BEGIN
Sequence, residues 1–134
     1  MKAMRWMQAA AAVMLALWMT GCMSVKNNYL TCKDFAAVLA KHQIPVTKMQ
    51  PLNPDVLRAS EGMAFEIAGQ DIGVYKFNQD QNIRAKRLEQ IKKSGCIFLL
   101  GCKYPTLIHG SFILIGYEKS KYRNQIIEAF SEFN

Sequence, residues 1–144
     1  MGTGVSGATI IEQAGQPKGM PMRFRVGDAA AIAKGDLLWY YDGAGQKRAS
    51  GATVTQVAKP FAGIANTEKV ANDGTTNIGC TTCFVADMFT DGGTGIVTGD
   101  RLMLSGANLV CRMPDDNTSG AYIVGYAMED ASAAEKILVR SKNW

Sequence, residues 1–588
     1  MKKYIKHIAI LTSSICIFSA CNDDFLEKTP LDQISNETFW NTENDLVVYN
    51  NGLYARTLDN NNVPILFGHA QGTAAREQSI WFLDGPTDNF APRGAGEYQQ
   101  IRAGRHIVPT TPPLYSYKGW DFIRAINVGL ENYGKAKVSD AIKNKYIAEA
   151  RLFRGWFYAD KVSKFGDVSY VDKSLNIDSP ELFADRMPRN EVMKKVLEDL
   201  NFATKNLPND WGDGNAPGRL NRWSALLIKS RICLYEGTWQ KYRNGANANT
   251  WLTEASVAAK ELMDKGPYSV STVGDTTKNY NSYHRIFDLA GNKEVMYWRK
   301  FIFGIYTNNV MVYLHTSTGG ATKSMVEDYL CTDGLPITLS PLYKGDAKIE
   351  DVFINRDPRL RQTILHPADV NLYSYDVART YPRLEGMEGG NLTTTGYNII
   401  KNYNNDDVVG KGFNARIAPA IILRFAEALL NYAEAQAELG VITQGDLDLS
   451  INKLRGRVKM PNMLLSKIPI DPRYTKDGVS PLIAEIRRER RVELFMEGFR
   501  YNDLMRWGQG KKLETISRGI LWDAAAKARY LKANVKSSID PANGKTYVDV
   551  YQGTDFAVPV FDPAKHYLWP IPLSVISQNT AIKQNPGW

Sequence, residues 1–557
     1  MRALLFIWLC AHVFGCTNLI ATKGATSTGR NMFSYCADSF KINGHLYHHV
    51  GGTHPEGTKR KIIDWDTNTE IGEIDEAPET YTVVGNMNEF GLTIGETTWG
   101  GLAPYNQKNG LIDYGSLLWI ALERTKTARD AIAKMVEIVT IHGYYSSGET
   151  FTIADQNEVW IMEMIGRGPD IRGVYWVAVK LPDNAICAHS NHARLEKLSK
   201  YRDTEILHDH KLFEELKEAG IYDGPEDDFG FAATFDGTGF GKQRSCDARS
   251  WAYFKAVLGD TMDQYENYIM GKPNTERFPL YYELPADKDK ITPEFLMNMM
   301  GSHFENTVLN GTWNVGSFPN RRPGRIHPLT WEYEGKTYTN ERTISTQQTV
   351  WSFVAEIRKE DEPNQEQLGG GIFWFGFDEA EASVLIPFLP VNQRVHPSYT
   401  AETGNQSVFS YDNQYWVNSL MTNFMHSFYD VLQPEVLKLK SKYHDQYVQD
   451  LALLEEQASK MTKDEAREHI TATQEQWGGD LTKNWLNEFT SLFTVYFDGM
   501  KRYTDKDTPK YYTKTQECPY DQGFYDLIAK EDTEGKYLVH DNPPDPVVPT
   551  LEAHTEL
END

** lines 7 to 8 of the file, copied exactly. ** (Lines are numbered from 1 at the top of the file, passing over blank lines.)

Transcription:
    51  GATVTQVAKP FAGIANTEKV ANDGTTNIGC TTCFVADMFT DGGTGIVTGD
   101  RLMLSGANLV CRMPDDNTSG AYIVGYAMED ASAAEKILVR SKNW